SOUTH BEND, Ind. — Will Fuller admitted he had been thinking about Notre Dame’s trip to Clemson for weeks.
So as soon as he could get his fingers on his phone following last week’s 62-27 blowout win over UMass, he tweeted something he figured represented how excited he was for a top-15 showdown in front of one of college football’s best crowd atmospheres.
Clemson promise it's gonna be #savage
— Will Fuller V (@Will_Fuller7) September 26, 2015
At least one Clemson player, though, took Fuller’s tweet as social media trash talk.
“They’re talking a lot, obviously they don’t know what we do down here in Death Valley, so I’m looking forward to this,” Tigers safety Jayron Kearse said. “Looking forward to meeting a running back in the hole, catching Will Fuller on the post, whatever it takes.”
Kearse added: “Everybody thinks Notre Dame’s unstoppable. They honestly should have lost to Virginia. So they think Notre Dame’s unstoppable, so we going to come out here and show them that we can stop them.”
Strawmen aside (the same "everyone" who apparently think Notre Dame is unstoppable largely picked the Irish to lose to Georgia Tech two weeks ago), Fuller on Wednesday seemed a little confused as to how his tweet was misinterpreted.
“I really don’t pay any attention to what they say,” Fuller said. "Just getting prepared for the game on Saturday. But you know, it ("savage") just means two top teams playing, everyone’s going to be watching, it’s going to be a real great game. So if I would’ve said it like that, I think they would’ve took it better. But yeah, that’s all, man. It’s going to be a great atmosphere, a great experience for both teams.”
Clemson shouldn’t need any added motivation to beat a Notre Dame harboring legitimate playoff aspirations as a team ranked No. 6 in the AP poll. Dabo Swinney’s Tigers haven’t lost in their last 10 home games, a stretch dating back to a 51-14 loss to eventual champions Florida State in 2013. Saturday’s contest is the biggest game Death Valley has hosted since that game against the ‘Noles.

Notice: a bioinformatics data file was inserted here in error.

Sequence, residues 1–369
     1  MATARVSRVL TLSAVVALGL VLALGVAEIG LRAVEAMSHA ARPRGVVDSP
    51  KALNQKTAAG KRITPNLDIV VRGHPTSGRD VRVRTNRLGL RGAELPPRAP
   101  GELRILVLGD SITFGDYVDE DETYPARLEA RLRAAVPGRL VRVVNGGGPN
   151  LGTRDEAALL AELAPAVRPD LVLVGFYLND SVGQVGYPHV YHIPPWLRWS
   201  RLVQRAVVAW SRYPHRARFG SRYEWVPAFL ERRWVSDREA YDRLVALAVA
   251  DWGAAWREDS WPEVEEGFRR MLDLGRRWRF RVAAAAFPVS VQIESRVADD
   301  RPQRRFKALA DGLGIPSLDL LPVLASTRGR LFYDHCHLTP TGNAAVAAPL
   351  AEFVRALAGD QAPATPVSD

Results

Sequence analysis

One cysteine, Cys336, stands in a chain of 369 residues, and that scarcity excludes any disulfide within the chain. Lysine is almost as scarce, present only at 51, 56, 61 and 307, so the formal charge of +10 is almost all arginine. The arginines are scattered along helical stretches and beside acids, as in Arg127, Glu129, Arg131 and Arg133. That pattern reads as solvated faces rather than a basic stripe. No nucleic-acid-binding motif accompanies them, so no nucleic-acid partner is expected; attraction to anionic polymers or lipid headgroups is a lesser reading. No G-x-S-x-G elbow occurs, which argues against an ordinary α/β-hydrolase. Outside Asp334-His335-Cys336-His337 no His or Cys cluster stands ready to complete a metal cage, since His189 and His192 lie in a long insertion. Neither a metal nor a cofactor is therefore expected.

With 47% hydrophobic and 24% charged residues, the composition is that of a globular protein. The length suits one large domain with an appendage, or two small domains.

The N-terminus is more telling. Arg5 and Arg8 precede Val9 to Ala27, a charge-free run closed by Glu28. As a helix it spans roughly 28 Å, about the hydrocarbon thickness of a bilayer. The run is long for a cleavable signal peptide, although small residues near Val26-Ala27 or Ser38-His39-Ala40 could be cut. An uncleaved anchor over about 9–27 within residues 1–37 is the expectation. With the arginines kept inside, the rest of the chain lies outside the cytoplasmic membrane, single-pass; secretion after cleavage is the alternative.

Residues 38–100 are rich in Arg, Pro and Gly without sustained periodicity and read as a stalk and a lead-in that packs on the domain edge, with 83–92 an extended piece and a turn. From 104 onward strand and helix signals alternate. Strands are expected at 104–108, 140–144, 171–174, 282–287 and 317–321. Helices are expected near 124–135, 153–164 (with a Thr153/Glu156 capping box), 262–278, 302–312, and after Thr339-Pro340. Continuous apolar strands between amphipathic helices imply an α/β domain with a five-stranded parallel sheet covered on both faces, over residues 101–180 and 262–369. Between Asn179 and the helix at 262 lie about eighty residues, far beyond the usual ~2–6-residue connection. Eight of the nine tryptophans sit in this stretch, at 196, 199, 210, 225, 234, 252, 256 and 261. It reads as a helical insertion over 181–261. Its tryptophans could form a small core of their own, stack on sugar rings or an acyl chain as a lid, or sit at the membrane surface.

Notre Dame’s leadership, though, is working on sending a message to the rest of the team that this week is nothing more than another game.
“We just treat it like every other week,” safety and captain Matthias Farley said. “It's the biggest game on our schedule because it's the next game on our schedule, and to not get way up or way down for a team or an opponent, to focus same way you do each and every week, prepare the same way and not listen to the hoopla and all the noise surrounding the game.”
Notre Dame players aren’t viewing Saturday’s game as a barometer for the program in the wake of losing six players, including its starting quarterback, running back, tight end and nose guard, to season-ending injuries. They’re not approaching Clemson as a must-win game, even if the College Football Playoff committee very well could pass on including an 11-1 Notre Dame team in the four-team field later this year.
The Irish just as easily could’ve struck back at Clemson with some trash talk and emphatic declarations. Or maybe they could’ve taken to Twitter to send out something intended as trash talk. That’s not in the DNA of this group, though, as they head to South Carolina to take their toughest exam of the year.
“It's so easy to get caught up in Twitter and what people say and things like that,” defensive tackle and captain Sheldon Day said. “But it's all about what's happening in this building and what you can control."